May a franchisor restrict a franchisee’s ability to transfer its franchise or restrict transfers of ownership interests in a franchisee entity?

The Code prohibits a franchisor from unreasonably withholding consent to transfer of a franchise agreement. It provides that a franchisor may reasonably withhold its consent if:

  • the proposed transferee is unlikely to be able to meet the financial obligations that the proposed transferee would have under the franchise agreement;
  • the proposed transferee does not meet a reasonable requirement of the franchise agreement for the transfer of the franchise agreement;
  • the proposed transferee does not meet the selection criteria of the franchisor;
  • the proposed transferee does not agree, in writing, to comply with the obligations of the franchisee under the franchise agreement;
  • the franchisee has not paid or made reasonable provision to pay an amount owing to the franchisor;
  • the franchisee has not remedied a breach of the franchise agreement;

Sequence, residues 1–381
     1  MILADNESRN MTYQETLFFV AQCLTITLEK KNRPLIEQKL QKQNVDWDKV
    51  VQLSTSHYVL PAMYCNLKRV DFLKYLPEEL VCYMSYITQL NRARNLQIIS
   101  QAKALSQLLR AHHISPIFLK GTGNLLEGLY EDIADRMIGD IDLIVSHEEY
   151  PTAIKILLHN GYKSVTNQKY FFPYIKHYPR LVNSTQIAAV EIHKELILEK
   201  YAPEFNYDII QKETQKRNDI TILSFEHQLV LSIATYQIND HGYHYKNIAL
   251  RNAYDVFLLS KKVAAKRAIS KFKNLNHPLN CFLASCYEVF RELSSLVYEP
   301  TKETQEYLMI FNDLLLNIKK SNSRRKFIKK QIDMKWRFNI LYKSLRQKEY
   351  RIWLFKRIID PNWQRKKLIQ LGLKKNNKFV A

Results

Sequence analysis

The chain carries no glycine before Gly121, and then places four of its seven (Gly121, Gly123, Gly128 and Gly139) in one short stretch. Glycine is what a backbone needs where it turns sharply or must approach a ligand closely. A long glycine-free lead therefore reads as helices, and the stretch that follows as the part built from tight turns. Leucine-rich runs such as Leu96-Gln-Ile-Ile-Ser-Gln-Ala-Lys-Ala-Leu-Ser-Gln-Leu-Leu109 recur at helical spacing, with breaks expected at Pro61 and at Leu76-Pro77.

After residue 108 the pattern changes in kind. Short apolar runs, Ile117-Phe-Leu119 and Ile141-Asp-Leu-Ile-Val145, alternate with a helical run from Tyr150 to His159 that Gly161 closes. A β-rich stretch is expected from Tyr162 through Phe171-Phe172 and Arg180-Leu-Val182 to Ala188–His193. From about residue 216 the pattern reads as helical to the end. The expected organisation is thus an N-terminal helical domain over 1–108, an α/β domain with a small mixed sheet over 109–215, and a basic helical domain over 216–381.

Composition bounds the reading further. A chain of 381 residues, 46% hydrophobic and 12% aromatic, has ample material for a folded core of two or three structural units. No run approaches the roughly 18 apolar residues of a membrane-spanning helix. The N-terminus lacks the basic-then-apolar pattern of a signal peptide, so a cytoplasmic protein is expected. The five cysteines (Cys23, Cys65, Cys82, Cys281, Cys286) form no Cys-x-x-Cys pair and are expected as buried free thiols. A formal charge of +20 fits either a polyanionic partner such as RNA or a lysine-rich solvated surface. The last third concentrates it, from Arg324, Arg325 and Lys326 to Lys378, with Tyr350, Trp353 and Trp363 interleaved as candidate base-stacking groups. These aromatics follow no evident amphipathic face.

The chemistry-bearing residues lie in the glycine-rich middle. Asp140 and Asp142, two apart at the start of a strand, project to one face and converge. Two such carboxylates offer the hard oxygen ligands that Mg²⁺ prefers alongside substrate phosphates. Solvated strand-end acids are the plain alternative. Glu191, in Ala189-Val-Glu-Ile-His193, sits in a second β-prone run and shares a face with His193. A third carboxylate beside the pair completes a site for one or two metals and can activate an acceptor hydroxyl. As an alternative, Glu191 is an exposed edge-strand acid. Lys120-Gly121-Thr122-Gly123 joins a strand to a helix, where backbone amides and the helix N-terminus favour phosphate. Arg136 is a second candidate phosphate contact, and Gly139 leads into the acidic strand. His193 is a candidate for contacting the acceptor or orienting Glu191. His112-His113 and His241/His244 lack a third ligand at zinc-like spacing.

• the franchisor has not received from the proposed transferee a written statement that the transferee has received, read and had a reasonable opportunity to understand the disclosure document and the Code.

This is a non-exhaustive list.

Transfers of ownership interests in the franchisee may be subject to the same terms of the franchise agreement that govern transfers of the agreement.

Fees

Are there laws or regulations affecting the nature, amount or payment of fees?

Generally, no (see question 38).

Usury

Are there restrictions on the amount of interest that can be charged on overdue payments?

Agreed damages provisions and provisions for payment of late fees and interest should be drafted so as the ensure that they are not unenforceable penalties. The amount payable should be a genuine estimate of the loss that the non-defaulting party will incur as a result of the default.

Franchisees may also challenge such provision on the basis that they are void unfair terms under the Australian Consumer Law (see question 42).

Foreign exchange controls

Are there laws or regulations restricting a franchisee’s ability to make payments to a foreign franchisor in the franchisor’s domestic currency?

A franchisee may be required to withhold tax from royalties paid to a foreign franchisor and remit that tax to the Australian Taxation Office. Otherwise there are no restrictions on franchisees making payments to foreign franchisors in the franchisor’s domestic currency.

Confidentiality covenant enforceability